In the announcement by credit rating agency Standard & Poor’s on Monday that affirmed its AA+ rating of United States sovereign debt while revising upward its outlook from “negative” to “stable,” the agency explained that in the short run there has been some perceptible improvement in the country’s fiscal situation but in the long run serious problems remain. Unfortunately S&P failed to mention the real nature and depth of just how serious those problems are.
The agency said:
Our sovereign credit ratings on the U.S. primarily reflect our view of the strengths of the U.S. economy and monetary system, as well as the U.S. dollar's status as the world's key reserve currency. The ratings also take into account the high level of U.S. external indebtedness; our view of the effectiveness, stability, and predictability of U.S. policymaking and political institutions; and the U.S. fiscal performance.
It’s clear that the momentum of the U.S. economy continues to astonish pundits with its continued vitality despite efforts to slow it down so that it may be “comfortably merged” with less dynamic and economically vital countries into a one-world government.
The agency lauded the Federal Reserve for its policy actions at the beginning of the Great Recession, and Congress’ ability, at the very last minute, to come to an agreement that ended the Fiscal Cliff crisis. That so-called agreement is largely responsible for increased revenues to the federal government sufficient to cause the Congressional Budget Office (CBO) to revise downward its estimates of the annual national deficits in the near term. However, the problem that caused the agency to lower the country’s credit rating from AAA to AA+ in August 2011 is still there. The agency said at the time,
We lowered our long-term rating on the U.S. because we believe that the prolonged controversy over raising the statutory debt ceiling and the related fiscal policy debate indicate that further near-term progress containing the growth in public spending, especially on entitlements, or on reaching an agreement on raising revenues is less likely than we previously assumed and will remain a contentious and fitful process.
We also believe that the fiscal consolidation plan that Congress and the Administration agreed to this week falls short of the amount that we believe is necessary to stabilize the general government debt burden by the middle of the decade.
In simple terms, that “problem," according to the agency, is the “increased partisanship” that continues to hamper “the ability of elected officials to address the country’s medium-term fiscal challenges.” The message, and the warning, are clear: Unless those elected officials come together to work out a long term plan to solve those problems, the agency is prepared to revise downward its outlook, and potentially its rating even further, in the future.
There are at least two problems with such a warning. One problem is being exacerbated unknowingly by the present upward revision by the agency, and that is complacency. Noted the agency:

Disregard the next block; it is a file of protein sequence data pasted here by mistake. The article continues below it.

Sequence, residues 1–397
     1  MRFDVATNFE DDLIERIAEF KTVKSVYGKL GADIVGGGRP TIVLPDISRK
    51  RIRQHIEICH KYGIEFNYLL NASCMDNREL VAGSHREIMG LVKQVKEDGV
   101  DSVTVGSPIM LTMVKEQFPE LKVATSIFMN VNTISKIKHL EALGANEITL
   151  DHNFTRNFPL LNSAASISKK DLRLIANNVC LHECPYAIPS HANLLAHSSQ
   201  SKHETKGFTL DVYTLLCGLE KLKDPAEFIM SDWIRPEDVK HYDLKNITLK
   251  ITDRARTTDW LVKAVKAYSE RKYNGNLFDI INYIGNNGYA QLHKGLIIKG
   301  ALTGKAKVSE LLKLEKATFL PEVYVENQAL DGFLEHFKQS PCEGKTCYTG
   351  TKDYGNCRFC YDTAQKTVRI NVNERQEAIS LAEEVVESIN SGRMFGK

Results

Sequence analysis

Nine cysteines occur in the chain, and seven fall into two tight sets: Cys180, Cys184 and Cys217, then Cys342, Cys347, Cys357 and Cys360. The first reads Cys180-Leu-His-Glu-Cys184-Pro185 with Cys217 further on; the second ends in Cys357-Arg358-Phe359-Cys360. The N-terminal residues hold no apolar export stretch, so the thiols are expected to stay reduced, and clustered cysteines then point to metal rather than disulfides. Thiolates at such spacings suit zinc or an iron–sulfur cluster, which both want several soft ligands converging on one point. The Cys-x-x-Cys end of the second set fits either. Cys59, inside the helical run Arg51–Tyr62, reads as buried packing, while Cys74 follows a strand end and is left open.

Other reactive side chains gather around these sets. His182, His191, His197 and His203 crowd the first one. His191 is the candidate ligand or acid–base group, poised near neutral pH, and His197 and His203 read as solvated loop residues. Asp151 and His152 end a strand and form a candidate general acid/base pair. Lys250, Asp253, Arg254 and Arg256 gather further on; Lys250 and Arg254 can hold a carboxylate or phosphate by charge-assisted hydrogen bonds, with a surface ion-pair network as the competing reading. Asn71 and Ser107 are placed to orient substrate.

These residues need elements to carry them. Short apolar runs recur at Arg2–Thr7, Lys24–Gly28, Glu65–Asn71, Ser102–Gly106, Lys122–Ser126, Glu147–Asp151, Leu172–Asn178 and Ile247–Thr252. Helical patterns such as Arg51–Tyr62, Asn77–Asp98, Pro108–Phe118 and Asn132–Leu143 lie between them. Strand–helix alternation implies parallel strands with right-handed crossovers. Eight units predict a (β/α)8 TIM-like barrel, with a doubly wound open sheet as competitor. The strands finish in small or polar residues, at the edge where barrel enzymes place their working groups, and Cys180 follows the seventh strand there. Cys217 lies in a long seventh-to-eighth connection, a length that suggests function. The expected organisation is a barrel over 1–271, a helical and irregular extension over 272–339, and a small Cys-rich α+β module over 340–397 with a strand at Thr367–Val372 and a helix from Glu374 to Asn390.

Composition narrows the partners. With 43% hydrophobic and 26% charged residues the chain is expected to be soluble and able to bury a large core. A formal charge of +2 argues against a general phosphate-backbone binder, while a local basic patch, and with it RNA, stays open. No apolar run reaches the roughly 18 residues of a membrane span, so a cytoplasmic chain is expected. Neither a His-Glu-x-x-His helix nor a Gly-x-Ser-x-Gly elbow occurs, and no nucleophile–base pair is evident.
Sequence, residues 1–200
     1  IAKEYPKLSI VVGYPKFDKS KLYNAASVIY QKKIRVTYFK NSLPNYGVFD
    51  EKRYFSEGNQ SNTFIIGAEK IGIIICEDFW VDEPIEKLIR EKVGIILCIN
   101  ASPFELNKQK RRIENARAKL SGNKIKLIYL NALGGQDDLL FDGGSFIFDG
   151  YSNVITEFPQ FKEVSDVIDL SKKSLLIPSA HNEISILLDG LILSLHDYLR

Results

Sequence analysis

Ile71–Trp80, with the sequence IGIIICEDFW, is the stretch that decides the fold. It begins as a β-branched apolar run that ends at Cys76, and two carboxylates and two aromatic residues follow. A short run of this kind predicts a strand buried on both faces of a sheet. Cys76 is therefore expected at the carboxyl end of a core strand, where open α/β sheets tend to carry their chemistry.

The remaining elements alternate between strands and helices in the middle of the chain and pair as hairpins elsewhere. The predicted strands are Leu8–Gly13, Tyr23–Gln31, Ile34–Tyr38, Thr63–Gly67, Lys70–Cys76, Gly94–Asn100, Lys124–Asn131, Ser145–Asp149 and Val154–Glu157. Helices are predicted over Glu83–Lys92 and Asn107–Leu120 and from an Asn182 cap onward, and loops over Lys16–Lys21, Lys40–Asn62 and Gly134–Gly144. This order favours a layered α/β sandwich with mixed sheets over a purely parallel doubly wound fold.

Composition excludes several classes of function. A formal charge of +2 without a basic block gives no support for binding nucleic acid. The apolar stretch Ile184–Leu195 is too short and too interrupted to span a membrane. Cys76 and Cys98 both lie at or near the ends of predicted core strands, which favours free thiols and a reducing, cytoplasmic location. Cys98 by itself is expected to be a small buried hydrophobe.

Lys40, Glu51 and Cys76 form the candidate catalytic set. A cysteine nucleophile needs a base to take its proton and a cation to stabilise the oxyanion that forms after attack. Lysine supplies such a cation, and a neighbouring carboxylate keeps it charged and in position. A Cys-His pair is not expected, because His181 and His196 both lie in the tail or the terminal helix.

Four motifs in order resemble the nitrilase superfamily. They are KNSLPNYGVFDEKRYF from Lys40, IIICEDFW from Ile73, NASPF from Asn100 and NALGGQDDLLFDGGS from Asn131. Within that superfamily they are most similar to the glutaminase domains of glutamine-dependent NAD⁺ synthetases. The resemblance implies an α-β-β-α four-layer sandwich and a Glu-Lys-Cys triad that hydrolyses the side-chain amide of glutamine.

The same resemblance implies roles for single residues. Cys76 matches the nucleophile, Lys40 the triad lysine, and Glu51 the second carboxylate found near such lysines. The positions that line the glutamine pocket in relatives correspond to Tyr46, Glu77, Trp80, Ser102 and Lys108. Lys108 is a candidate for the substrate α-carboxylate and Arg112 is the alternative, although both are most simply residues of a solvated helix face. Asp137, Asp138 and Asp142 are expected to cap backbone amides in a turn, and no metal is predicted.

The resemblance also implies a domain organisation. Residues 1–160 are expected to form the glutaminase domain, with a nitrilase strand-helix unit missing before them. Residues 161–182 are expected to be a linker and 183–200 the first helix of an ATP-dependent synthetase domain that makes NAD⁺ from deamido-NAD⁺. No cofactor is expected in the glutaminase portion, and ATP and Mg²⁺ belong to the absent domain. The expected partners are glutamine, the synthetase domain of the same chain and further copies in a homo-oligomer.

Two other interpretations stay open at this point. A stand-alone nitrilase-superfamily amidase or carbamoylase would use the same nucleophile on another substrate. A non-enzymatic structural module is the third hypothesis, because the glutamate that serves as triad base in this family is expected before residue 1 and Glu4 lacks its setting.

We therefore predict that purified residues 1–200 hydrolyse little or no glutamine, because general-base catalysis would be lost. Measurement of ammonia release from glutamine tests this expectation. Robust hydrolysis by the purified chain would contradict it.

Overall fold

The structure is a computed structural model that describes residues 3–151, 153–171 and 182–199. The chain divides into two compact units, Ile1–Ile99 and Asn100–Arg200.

We believe that our current 'AA+' rating already factors in a lesser ability of U.S. elected officials to react swiftly and effectively to public finance pressures over the longer term in comparison with officials of some more highly rated sovereigns and we expect repeated divisive debates over raising the debt ceiling. We expect these debates, however, to conclude without provoking a sharp discontinuous cut in current expenditure or in debt service.
We see some risks that the recent improved fiscal performance, due in part to cyclical and to one-off factors, could lead to complacency. A deliberate relaxation of fiscal policy without countervailing measures to address the nation's longer-term fiscal challenges could place renewed downward pressure on the rating.
S&P recognizes the inherent and predictable tendency of politicians in Washington to put off solving a problem until it becomes a crisis, and yesterday’s report does nothing but make it easier for those very same elected representatives to put this problem off until it does become a crisis.
The other problem, the one conspicuously absent from not only S&P’s statement but in any other review by commentators, is the real size of the “fiscal challenge” the country is facing. The closest S&P comes to saying anything about the national debt is its brief mention of the annual “deficit”:
Combining CBO's projections with our own somewhat more cautious economic forecast and our expectations for the state-and-local sector, and adding non-deficit contributions to government borrowing requirements (such as student loans) leads us to expect the U.S. general government deficit plus non-deficit borrowing requirements to fall to about 6% of GDP this year (down from 7%, in 2012) and to just less than 4% in 2015.
Not one single word about unfunded liabilities for Social Security, Medicare, ObamaCare, or federal pensions appears in S&P’s statement — nothing. According to Professor Laurence Kotlikoff of Boston University, those unfunded liabilities exceed $200 trillion, or more than thirteen times the country’s gross domestic product. That’s why this report from S&P deserves to be ignored in its entirety. Such statements make the credit rating agency’s announcement, as Washington Post writer Neil Irwin put it, totally irrelevant and useless.